There is precedent for Campbell Newman contesting a seat he as a potential premier when he is not a sitting memebr according to historian, and former Queensland Attorney-General, Denver Beanland.
Campbell Newman standing for Premier of Queensland as Leader of the Parliamentary Liberal National Party outside of parliament is not unique, as has been reported.
This situation occurred in colonial Queensland on 9 December 1887 when Sir Thomas McIlwraith announced that he was standing for the seat of Brisbane North. At the same time he assumed the leadership of his Parliamentary Party.
McIlwraith had previously been Premier and Leader of the Opposition but resigned from the Legislative Assembly in 1886 for business reasons.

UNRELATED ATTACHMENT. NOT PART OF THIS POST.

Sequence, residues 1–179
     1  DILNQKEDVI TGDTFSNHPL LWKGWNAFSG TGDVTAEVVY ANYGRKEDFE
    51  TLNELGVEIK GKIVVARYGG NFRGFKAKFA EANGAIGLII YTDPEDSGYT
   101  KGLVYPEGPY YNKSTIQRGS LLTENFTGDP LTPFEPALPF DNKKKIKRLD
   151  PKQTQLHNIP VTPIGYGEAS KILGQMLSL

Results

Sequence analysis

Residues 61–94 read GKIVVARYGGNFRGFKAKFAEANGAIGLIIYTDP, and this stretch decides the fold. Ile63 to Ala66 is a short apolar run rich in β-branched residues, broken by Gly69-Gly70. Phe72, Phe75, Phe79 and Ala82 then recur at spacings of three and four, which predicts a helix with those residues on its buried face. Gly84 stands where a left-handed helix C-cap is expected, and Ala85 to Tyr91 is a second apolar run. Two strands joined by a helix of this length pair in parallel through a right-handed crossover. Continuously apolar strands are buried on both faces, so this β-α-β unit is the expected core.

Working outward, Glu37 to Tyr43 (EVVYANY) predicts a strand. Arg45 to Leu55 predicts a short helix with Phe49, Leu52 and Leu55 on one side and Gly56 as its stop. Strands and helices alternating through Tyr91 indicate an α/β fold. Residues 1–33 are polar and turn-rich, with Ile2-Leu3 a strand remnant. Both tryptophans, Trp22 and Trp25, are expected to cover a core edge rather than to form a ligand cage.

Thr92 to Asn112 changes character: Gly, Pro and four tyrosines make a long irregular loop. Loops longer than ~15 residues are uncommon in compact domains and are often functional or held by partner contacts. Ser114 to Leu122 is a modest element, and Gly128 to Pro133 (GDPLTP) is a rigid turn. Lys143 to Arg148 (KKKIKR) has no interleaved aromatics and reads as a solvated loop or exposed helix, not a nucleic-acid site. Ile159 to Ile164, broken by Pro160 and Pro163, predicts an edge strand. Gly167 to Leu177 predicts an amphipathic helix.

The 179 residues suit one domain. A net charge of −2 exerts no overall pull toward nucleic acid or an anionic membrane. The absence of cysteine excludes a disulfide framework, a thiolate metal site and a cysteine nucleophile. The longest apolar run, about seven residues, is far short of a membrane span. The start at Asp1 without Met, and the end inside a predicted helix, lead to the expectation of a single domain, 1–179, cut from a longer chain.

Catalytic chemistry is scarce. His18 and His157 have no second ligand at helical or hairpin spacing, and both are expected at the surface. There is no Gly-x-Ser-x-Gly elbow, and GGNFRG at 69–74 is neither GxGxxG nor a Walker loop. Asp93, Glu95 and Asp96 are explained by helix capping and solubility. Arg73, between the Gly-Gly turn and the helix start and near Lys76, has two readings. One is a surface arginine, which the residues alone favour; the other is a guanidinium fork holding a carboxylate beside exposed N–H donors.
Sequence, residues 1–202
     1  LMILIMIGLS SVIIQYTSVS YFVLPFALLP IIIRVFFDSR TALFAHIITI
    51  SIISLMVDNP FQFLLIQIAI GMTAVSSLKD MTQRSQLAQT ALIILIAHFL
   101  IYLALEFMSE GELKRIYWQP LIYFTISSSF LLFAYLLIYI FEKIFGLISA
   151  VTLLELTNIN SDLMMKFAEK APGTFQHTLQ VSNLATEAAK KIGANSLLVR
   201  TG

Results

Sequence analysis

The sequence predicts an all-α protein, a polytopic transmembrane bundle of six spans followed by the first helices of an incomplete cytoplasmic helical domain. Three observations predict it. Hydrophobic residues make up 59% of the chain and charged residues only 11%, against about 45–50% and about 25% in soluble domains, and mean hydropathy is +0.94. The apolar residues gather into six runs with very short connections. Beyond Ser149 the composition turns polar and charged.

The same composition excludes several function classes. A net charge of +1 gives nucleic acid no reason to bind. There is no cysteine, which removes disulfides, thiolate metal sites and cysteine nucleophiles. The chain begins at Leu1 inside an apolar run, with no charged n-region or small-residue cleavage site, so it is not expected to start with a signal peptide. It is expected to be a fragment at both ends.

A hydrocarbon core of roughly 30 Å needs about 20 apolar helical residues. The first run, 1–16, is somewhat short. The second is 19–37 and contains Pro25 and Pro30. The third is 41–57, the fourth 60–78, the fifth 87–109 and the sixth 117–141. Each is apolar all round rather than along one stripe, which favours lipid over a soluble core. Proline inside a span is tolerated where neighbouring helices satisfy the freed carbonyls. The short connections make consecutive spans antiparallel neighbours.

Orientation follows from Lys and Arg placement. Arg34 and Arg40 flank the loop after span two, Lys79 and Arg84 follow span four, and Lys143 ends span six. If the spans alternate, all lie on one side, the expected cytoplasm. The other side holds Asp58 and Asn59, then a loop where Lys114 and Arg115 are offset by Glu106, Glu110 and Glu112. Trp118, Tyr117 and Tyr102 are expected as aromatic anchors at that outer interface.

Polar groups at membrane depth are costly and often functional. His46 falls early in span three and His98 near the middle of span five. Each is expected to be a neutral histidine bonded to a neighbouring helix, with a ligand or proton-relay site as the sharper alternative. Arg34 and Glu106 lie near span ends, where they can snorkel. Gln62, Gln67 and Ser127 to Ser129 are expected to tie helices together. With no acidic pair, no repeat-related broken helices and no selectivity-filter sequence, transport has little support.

Brisbane North was a dual member electorate represented by two Liberal Party members Sir Samuel Griffith, the incumbent Premier, and William Brookes.
In the election for the seat held on 5 May 1888 McIlwraith easily won, gaining 1761 votes to Griffith’s 1127 votes with Brookes being defeated on 1009 votes. McIlwraith became the Senior Member and Griffith became the Junior Member for Brisbane North.
Across Queensland, McIlwraith’s Party won a landslide victory 45 seats to 27 for Griffith’s Party.